Many coastal plain wetlands receive nutrient Pollution from Agricultural fields and are particularly vulnerable to saltwater incursion. Although wetlands are a major source of the greenhouse gases methane (CH4) and nitrous oxide (N2O), the consequences of salinization for greenhouse gas emissions from wetlands with high Agricultural Pollution loads is rarely considered. Here, we asked how saltwater exposure alters greenhouse gas emissions from a restored freshwater wetland that receives nutrient loading from upstream farms. During March to November 2012, we measured greenhouse gases along a ~2 km inundated portion of the wetland. Sampling locations spanned a wide chemical gradient from sites receiving seasonal fertilizer nitrogen and sulfate (SO4 2−) loads to sites receiving seasonal increases in marine salts. Concentrations and fluxes of CH4 were low ( 10 mg L−1), regardless of whether the SO4 2− source was agriculture or saltwater. Elevated CH4 (as high as 1,500 µg L−1 and 45 mg m−2 h−1) was only observed on dates when air temperatures were >27 °C and SO4 2− was <10 mg L−1. Despite elevated ammonium (NH4 +) for saltwater exposed sites, concentrations of N2O remained low (<5 µg L−1 and <10 µg m−2 h−1), except when fertilizer derived nitrate (NO3 −) concentrations were high and N2O increased as high as 156 µg L−1. Our results suggest that although both saltwater and agriculture derived SO4 2− may suppress CH4, increases in N2O associated with fertilizer derived NO3 − may offset that reduction in wetlands exposed to both Agricultural runoff and saltwater incursion.

Emily S. Bernhardt – One of the best experts on this subject based on the ideXlab platform.

  • Biogeochemical regime shifts in coastal landscapes: the contrasting effects of saltwater incursion and Agricultural Pollution on greenhouse gas emissions from a freshwater wetland
    Biogeochemistry, 2014
    Co-Authors: Ashley M. Helton, Emily S. Bernhardt, Anna Fedders
    Abstract:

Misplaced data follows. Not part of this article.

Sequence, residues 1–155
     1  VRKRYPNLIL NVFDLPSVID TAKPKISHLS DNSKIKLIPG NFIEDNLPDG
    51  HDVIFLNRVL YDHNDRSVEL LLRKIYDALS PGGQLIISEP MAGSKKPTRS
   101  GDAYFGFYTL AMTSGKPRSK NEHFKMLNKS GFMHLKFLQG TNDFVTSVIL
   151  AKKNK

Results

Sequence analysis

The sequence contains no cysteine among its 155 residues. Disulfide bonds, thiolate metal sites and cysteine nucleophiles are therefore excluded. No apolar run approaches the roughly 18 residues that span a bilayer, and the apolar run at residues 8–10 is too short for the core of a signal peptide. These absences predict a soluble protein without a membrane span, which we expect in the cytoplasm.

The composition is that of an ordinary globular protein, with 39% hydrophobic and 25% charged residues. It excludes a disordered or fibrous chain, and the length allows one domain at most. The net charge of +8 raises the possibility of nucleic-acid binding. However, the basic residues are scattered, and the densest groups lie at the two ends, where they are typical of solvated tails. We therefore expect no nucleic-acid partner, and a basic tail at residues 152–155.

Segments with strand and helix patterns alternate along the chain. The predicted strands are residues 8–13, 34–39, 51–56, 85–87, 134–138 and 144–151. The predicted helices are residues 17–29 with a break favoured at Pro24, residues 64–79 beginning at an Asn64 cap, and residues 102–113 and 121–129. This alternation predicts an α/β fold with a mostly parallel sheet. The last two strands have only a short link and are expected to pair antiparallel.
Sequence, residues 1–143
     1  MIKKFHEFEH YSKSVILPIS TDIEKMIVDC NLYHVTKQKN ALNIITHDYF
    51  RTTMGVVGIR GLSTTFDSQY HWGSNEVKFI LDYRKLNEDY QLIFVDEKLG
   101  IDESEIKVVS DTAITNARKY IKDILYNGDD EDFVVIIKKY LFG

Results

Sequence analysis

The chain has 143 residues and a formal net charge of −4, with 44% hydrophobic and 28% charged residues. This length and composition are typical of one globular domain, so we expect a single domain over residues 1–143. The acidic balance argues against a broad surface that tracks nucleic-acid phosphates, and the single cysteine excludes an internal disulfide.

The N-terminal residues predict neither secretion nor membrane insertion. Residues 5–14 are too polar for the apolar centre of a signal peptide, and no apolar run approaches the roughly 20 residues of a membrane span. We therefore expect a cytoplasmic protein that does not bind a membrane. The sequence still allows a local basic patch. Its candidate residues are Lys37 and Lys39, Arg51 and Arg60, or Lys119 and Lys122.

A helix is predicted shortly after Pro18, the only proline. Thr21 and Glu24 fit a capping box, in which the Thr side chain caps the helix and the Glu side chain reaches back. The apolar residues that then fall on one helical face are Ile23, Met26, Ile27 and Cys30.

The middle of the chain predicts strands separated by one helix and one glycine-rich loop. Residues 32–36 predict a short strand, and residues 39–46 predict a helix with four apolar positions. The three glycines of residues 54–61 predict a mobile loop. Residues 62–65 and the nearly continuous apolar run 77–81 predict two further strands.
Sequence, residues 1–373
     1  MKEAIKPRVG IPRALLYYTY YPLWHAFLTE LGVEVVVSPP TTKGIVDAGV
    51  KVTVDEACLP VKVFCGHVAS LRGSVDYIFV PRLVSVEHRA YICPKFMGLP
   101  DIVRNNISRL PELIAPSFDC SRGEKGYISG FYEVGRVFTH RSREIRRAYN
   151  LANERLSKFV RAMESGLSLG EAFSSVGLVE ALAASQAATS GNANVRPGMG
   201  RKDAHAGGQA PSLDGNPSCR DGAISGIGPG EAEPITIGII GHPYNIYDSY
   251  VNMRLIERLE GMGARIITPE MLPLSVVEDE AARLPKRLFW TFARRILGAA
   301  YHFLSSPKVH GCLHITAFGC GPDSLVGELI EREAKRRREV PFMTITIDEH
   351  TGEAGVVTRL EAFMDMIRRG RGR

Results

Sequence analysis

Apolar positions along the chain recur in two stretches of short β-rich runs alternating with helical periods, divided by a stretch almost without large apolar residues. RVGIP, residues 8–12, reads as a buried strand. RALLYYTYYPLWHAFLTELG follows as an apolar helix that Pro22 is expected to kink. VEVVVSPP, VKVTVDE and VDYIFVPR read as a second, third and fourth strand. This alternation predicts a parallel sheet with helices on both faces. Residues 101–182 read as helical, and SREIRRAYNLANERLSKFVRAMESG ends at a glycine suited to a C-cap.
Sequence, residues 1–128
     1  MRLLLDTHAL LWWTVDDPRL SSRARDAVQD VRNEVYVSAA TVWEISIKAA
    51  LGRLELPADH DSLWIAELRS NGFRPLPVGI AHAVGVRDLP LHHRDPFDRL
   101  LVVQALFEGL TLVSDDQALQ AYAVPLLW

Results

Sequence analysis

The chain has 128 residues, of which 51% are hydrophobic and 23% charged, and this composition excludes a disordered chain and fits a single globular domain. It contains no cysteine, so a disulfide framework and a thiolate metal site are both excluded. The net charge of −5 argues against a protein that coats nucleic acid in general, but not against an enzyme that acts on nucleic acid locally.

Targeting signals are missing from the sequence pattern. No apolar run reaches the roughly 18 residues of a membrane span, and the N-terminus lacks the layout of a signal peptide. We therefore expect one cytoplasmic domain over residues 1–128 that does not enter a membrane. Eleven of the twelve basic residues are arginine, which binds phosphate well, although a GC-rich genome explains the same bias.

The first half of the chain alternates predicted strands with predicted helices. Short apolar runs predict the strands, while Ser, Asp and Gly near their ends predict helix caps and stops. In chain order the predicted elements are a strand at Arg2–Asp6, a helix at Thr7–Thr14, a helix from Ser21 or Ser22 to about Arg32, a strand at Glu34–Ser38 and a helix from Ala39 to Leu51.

Many coastal plain wetlands receive nutrient Pollution from Agricultural fields and are particularly vulnerable to saltwater incursion. Although wetlands are a major source of the greenhouse gases methane (CH4) and nitrous oxide (N2O), the consequences of salinization for greenhouse gas emissions from wetlands with high Agricultural Pollution loads is rarely considered. Here, we asked how saltwater exposure alters greenhouse gas emissions from a restored freshwater wetland that receives nutrient loading from upstream farms. During March to November 2012, we measured greenhouse gases along a ~2 km inundated portion of the wetland. Sampling locations spanned a wide chemical gradient from sites receiving seasonal fertilizer nitrogen and sulfate (SO4 2−) loads to sites receiving seasonal increases in marine salts. Concentrations and fluxes of CH4 were low (27 °C and SO4 2− was

  • biogeochemical regime shifts in coastal landscapes the contrasting effects of saltwater incursion and Agricultural Pollution on greenhouse gas emissions from a freshwater wetland
    Biogeochemistry, 2014
    Co-Authors: Ashley M. Helton, Emily S. Bernhardt, Anna Fedders
    Abstract:

    Many coastal plain wetlands receive nutrient Pollution from Agricultural fields and are particularly vulnerable to saltwater incursion. Although wetlands are a major source of the greenhouse gases methane (CH4) and nitrous oxide (N2O), the consequences of salinization for greenhouse gas emissions from wetlands with high Agricultural Pollution loads is rarely considered. Here, we asked how saltwater exposure alters greenhouse gas emissions from a restored freshwater wetland that receives nutrient loading from upstream farms. During March to November 2012, we measured greenhouse gases along a ~2 km inundated portion of the wetland. Sampling locations spanned a wide chemical gradient from sites receiving seasonal fertilizer nitrogen and sulfate (SO4 2−) loads to sites receiving seasonal increases in marine salts. Concentrations and fluxes of CH4 were low ( 10 mg L−1), regardless of whether the SO4 2− source was agriculture or saltwater. Elevated CH4 (as high as 1,500 µg L−1 and 45 mg m−2 h−1) was only observed on dates when air temperatures were >27 °C and SO4 2− was <10 mg L−1. Despite elevated ammonium (NH4 +) for saltwater exposed sites, concentrations of N2O remained low (<5 µg L−1 and <10 µg m−2 h−1), except when fertilizer derived nitrate (NO3 −) concentrations were high and N2O increased as high as 156 µg L−1. Our results suggest that although both saltwater and agriculture derived SO4 2− may suppress CH4, increases in N2O associated with fertilizer derived NO3 − may offset that reduction in wetlands exposed to both Agricultural runoff and saltwater incursion.

Kuno Kasak – One of the best experts on this subject based on the ideXlab platform.

  • Treatment Efficiency of Diffuse Agricultural Pollution in a Constructed Wetland Impacted by Groundwater Seepage
    Water, 2018
    Co-Authors: Keit Kill, Ülo Mander, Jaan Pärn, Rauno Lust, Kuno Kasak
    Abstract: